Breaking The Bloody Taboo For Girls In India

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Menstruation comes with innumerable taboos in India, despite of preventing thousands of deaths women are victim of the taboos. A women cannot sleep on the bed, she cannot sleep inside the house hence forced to sleep outside the house or in the animal shelter, she cannot work in the kitchen and not even touch few articles because they get impure, they cannot go to the temple and worship because during this process women are considered to be impure and some people even treat them as untouchable. In this era it’s shocking but the fact is it is practiced in various parts of the country!

Humans For Humanity is an organization run by a 23 year old young social worker, Anurag Chauhan who is working on a project called WASH – Women Sanitation Hygiene for 3 years now. The organization provides free sanitary napkins to women, the napkins are either handmade of cotton or prepared by supporting NGOs in India. They also provide workshop by doctors, nutritionists and research scholars who explain to the women and girls the reason why menstruation takes place, hormonal changes, and biological factors to make them aware of the facts. Many people in rural parts of India consider menstruation a dirty process, some think of it as a disease, all of this happens due to lack of awareness and age old taboos. The volunteers of the organization then provide a training program under which these women from slums, villages, govt. schools & colleges are taught how to make their own napkin rather than using ashes, sand, leaves, jute bags, dirty cloth, etc.

The organization recently launched its Menstruation campaign in a temple in Jaipur, Rajasthan. HFH’s pilot project – WASH women sanitation hygiene in Jaipur was launched by Rukshamani Kumari of Chomu Royal Family, Suman Sharma (Chairperson, Rajasthan Women Commission), Anannasa Founder Sher Lo from Australia, Author Tripti Pandey & several young volunteers who went to Jawahar nagar basti to distribute sanitary napkins and give a workshop on menstrual hygiene.

It is undeniable that women are as much of a powerhouse, if not more, as men when it comes to working towards progress of the women. In every field from sports to academics and all other professions women have left a significant mark. And in the years to come the younger lot is only bound to outdo what their ancestors have done but there is still a huge population of women in India who die due to poor menstrual hygiene. Countering to the major problems Humans For Humanity started making handmade Sanitary Napkins from cotton cloth and have been distributing free of cost in urban slums as well as villages. Workshops are held at various government schools and colleges with young girls to make the aware about the same by lady doctors and volunteers. They also teach women & girls how to make their own sanitary napkin which has also become a mode of earning for few women who make these napkins in bulk and sell it at very low price in nearby household. Recently actress Twinkle Khanna also appreciated the efforts of the organization and joined hands to spread awareness.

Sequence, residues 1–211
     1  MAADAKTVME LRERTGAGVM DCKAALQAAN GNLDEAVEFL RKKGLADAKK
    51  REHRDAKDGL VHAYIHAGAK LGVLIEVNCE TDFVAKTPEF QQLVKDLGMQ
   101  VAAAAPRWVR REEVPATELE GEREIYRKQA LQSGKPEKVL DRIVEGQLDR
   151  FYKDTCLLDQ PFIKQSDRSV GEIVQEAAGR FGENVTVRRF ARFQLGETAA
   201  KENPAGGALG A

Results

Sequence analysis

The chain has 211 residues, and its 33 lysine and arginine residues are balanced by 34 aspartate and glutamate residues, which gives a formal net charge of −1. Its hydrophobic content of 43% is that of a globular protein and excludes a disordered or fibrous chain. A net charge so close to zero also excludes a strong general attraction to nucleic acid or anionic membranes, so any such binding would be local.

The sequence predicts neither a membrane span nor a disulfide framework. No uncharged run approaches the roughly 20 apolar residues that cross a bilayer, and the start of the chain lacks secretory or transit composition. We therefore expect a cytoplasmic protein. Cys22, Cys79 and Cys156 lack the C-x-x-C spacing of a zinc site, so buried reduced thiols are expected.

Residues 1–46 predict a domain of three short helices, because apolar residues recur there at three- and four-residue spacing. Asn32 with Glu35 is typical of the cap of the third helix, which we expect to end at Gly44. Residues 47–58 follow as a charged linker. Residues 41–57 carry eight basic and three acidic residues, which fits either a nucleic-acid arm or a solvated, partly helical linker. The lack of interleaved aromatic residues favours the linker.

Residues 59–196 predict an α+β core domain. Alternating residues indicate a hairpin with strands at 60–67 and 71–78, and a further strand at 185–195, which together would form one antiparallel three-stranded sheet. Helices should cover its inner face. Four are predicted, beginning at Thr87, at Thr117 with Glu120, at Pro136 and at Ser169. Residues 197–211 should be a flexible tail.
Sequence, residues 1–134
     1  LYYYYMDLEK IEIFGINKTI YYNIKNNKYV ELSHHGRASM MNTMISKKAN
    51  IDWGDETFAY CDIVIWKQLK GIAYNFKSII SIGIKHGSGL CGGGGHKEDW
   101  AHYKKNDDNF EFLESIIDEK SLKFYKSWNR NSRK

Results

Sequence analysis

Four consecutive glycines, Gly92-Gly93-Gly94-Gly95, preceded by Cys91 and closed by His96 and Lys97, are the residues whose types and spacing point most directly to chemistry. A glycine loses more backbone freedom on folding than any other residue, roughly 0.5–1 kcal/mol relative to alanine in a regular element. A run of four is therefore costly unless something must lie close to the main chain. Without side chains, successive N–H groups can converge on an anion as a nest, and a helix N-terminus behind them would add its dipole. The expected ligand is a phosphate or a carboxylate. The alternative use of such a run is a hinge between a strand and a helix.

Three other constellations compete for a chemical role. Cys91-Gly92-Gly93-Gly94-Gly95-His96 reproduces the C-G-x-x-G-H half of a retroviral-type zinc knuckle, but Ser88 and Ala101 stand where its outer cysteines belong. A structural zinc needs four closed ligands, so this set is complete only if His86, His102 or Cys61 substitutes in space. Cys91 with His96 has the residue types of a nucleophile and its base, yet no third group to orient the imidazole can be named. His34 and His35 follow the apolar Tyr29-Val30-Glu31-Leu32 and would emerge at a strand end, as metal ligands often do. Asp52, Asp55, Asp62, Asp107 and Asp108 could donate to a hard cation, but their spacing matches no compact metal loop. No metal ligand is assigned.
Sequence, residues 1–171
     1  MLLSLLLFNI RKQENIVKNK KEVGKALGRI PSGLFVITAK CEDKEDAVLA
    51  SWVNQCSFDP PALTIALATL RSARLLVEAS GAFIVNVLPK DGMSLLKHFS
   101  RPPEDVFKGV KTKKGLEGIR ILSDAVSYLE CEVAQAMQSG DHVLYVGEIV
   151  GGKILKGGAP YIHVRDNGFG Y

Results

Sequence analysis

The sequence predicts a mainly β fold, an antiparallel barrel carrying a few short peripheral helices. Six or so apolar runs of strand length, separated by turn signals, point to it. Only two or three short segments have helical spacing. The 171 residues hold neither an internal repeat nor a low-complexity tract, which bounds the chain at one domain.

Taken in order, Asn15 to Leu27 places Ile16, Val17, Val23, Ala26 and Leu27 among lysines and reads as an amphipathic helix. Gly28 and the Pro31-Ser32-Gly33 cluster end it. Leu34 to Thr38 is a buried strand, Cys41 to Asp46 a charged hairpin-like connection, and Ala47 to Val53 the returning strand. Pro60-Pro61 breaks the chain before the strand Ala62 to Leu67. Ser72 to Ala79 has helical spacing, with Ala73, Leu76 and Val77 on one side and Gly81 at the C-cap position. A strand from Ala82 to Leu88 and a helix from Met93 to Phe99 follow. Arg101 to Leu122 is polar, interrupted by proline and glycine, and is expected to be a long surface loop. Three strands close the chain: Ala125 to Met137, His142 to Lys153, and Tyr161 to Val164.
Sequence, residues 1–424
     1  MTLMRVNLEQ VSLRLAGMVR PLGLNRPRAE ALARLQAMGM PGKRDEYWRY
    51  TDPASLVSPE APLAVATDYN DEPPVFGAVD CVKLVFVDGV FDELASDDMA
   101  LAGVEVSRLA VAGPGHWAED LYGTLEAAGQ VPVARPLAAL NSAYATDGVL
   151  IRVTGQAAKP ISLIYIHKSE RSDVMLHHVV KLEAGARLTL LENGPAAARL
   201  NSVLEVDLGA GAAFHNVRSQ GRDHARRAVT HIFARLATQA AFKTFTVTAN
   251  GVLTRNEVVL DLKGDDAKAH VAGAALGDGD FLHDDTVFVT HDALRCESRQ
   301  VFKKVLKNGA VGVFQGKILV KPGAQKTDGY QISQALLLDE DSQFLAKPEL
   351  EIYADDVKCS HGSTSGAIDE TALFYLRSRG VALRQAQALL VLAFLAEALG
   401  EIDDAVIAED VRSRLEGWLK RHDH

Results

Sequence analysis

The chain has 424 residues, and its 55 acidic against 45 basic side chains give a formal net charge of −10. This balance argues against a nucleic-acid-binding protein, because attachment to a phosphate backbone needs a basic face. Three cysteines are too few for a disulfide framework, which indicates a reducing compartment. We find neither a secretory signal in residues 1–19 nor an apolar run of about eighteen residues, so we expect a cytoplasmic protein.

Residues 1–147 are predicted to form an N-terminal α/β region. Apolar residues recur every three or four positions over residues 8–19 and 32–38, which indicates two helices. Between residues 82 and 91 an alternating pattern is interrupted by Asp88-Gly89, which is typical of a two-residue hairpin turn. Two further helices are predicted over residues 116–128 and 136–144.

On this occasion Founder of Humans For Humanity, Anurag Chauhan said, “Save the lives of the women who are dying every day before you stand to empower them.”

“We certainly can’t change the world but start to change”, added the 23 year old Founder of HFH. Rukshamani Kumari who is the face of the campaign in Rajasthan said, “It gladdens my heart that such young individuals are coming forward for such causes, I congratulate the entire team of Humans For Humanity for their efforts”.

Humans for Humanity is a brain child of Anurag Chauhan, aged 23 years, who began his journey of serving society and doing social work from Dehradun, at a mere age of 16 years. Even at that age, he harbored an ambition to improve and work on the social strata of the world we live in.

Currently, the organization headed by him is evolving social work by engaging not only the youth of Delhi, Uttarakhand, Rajasthan and Uttar Pradesh but also people of different professions to work towards regaining the lost sheen of society. The organization hosts interns from 17 countries (Spain, Brazil, China, Japan, Indonesia, Egypt, Argentina, Nepal, Sri lanka, Australia, Bahrain, Afghanistan, Columbia, Italy, etc) working and researching on various issues of the slums in India. Other than WASH the organization also works on the following projects:

  • Street Smart
  • Each One Teach One
  • Clean India Campaign
  • Promotion of Indian Culture and Heritage

Present on the occasion were Rukshamani Kumari of Chomu Royal Family, Dr. Suman Sharma Chairperson Women Commission, Rajasthan, Sakshi Boolchadani coordinator HFH, Princy Randhawa Professor in charge for the activity.

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